Packed grandstands, just like the old days

This calls for a ruling by the judge!

Ladies' Champion!

Men's Champion!

Friday Night Shuffle

Shuffleboard cake in honor of the championship

Shuffleboard in Central Florida

Fourth Friday of the month

First Saturday of the month

Monday, October 21, 2013

Paddling through Florida's newest state park: Silver Springs

When I heard that one of the results of Silver Springs conversion from privately operated attraction to publicly operated state park was a new kayak trail, I couldn't wait to try it out. The route, formerly closed off for the jungleboat cruise, is now open for canoes and kayaks.  You can launch your own kayak for $4, or rent one for $20 for 2 hours. They also have 3-person canoes for rent. Electing for convenience over economy, I left my kayak at home and was glad because the folks running the kayak operation were helpful and considerate.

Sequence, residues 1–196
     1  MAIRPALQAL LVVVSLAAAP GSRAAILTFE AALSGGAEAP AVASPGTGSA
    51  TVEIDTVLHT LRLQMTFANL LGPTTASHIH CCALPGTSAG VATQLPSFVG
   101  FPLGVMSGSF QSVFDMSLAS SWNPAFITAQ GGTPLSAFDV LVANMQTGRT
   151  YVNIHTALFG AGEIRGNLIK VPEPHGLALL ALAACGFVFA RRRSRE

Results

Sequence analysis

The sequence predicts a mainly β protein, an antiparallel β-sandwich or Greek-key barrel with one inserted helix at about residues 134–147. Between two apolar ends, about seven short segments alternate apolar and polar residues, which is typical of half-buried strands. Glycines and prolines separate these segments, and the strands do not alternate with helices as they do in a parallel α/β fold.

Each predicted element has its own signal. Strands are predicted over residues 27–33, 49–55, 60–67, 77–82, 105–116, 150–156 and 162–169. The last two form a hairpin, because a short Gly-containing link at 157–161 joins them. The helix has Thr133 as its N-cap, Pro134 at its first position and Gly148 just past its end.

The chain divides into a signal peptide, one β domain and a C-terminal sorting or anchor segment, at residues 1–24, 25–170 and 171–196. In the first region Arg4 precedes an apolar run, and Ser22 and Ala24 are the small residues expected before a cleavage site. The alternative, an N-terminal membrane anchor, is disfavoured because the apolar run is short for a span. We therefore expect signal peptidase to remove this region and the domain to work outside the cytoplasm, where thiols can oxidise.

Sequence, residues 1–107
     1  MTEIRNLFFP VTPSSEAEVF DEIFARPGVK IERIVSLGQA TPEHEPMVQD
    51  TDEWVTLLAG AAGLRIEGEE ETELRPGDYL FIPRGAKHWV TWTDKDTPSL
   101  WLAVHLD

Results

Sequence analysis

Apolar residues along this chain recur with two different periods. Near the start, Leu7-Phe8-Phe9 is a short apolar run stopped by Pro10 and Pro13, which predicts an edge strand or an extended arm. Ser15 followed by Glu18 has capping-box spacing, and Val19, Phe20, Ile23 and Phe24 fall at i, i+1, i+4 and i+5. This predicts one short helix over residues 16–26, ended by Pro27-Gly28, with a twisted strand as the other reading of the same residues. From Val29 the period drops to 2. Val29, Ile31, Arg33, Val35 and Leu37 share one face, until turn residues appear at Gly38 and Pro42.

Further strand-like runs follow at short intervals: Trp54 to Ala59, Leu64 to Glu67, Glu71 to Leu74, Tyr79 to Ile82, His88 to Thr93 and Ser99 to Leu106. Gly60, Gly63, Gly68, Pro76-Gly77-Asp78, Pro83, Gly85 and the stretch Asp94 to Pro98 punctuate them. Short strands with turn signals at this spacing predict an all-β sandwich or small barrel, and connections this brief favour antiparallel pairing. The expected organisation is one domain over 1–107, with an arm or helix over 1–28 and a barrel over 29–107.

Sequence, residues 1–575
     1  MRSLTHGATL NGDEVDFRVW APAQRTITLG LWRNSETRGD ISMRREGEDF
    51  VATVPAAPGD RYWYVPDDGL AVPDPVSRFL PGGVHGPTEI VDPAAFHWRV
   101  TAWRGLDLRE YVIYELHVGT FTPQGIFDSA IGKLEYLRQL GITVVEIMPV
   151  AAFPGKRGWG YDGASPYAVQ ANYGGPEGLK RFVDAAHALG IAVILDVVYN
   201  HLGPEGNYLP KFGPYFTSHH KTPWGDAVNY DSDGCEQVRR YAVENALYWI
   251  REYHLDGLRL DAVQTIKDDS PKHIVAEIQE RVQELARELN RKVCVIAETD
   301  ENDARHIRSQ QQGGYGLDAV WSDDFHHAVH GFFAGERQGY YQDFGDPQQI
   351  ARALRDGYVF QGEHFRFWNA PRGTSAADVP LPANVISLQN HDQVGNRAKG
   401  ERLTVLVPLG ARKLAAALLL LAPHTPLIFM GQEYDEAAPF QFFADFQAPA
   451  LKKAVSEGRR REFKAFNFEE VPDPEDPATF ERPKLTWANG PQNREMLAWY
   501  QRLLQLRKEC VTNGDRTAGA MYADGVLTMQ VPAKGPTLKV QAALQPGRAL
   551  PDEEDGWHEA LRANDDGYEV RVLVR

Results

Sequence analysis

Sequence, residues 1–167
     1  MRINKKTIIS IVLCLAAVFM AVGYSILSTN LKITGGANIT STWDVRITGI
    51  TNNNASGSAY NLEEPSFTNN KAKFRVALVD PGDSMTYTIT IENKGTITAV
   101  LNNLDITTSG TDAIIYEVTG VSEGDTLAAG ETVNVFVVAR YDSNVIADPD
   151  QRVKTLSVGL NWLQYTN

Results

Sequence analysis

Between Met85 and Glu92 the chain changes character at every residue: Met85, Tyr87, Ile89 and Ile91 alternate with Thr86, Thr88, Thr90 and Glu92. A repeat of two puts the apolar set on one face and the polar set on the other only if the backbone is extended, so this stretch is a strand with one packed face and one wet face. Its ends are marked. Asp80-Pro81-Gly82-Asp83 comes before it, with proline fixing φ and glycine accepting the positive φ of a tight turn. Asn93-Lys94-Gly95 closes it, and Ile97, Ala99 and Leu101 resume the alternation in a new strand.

Here's the launch site for the new paddling trail, it's near the south end
of the Silver Springs parking lot.

The trail does a loop that is less than 1.5 miles long and takes 
between 1 and 2 hours to complete.

The water has good visibility but you may not always like what
you see, in this case rampant algae.

Many of the sets from the jungle cruise still remain;
this appears to be an Indian village.

There are some wonderful trees along the trail, this live oak
dwarfs the re-created fort.

Birdwatchers will enjoy this paddle quite a bit. I followed this Little Blue Heron all the way down the run. I saw four alligators, but none of them was very large.